M: You’ve talked about this a little bit. But what would you say is the most challenging part of being an entrepreneur?
E: I would say the fear. I think the fear of the unknown and the fear of doing new things for me is hard because it’s not like you do a new thing and then you’re done doing new things. Like if your business is growing then you’re going to be doing new things every day. And that’s a sign of progress and I have a big fear that I really have made so much progress in this last year, but I really have a fear that in an effort to build confidence in women, the mistakes I’m making in my business or things that I’m sewing is taking confidence from them and that really has messed with my mind on a deep level. But on the positive side, uncovering all that fear has made me deal with it and made me kind of look it in the face and see like, well, what are the insecurities that are making me afraid of this situation. By facing your fear, like that’s the way through it. Just go through it.
M: But on the flipside, what’s been the most rewarding and what keeps you going?
E: I am seeing women increase in confidence and step outside their comfort zones in what they wear and I’m seeing how that directly impacts their lives for the better. They’re becoming more themselves as they explore their personal style and they’re doing that by wearing clothes I’ve made them. It’s absolutely surreal. It takes my breath away. It’s so rewarding because it’s proving the hypothesis my entire business is based on – that clothing changes how we interact with our world, that working towards defining our personal style is a way of getting to know ourselves and then presenting who we are to the world that is constantly telling us we’re not good enough.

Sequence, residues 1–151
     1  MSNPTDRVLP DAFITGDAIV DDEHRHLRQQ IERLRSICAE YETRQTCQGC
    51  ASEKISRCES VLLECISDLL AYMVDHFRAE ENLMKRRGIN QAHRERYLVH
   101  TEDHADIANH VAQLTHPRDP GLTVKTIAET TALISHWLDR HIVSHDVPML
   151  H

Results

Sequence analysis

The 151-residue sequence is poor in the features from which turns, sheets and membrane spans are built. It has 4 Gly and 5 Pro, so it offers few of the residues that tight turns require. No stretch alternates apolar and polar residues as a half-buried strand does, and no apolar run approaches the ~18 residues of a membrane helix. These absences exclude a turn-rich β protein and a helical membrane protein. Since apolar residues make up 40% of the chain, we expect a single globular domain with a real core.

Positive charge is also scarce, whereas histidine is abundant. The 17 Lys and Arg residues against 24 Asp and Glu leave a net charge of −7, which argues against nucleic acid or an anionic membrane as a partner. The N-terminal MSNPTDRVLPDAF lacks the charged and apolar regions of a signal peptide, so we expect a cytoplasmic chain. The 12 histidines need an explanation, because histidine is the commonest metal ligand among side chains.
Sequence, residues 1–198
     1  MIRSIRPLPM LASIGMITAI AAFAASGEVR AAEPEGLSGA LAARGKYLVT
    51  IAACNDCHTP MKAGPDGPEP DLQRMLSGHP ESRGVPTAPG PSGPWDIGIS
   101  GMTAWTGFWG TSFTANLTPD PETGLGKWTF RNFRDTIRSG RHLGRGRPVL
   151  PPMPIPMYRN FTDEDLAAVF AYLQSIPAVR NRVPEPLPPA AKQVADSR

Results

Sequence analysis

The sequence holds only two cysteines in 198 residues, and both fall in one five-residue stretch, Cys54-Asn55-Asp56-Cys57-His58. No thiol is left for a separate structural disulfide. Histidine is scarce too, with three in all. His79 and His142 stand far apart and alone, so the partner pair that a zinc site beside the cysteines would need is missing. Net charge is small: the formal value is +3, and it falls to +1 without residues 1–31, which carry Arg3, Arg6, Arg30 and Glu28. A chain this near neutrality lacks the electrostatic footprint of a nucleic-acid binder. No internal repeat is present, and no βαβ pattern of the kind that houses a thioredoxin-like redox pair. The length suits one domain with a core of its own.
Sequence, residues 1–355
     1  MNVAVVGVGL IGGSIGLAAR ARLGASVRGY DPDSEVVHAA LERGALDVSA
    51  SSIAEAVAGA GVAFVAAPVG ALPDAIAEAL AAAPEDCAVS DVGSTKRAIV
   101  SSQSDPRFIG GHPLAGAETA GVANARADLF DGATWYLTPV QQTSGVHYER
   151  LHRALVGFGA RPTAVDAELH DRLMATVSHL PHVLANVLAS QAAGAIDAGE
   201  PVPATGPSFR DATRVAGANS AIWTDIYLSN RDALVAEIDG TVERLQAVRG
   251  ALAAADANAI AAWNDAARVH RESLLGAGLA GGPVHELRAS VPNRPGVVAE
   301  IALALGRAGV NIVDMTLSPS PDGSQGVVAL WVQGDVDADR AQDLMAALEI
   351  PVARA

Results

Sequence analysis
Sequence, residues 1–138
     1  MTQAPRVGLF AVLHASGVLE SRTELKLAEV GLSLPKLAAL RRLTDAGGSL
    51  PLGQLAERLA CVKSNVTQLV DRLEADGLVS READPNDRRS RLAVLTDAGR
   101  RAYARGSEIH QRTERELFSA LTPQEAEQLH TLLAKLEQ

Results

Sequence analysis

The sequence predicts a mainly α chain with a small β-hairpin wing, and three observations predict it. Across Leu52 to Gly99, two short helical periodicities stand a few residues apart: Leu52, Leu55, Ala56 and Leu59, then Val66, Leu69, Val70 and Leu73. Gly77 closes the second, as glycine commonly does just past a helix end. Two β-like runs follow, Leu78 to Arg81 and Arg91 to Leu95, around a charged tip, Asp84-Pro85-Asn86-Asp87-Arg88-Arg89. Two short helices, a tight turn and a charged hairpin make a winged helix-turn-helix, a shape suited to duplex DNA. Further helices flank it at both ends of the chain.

M: I mean, how can you argue with that? Thinking in terms of superheroes – when was a time recently that you felt your cape was missing, that you might not have had it all together? And how quickly did you get it back on.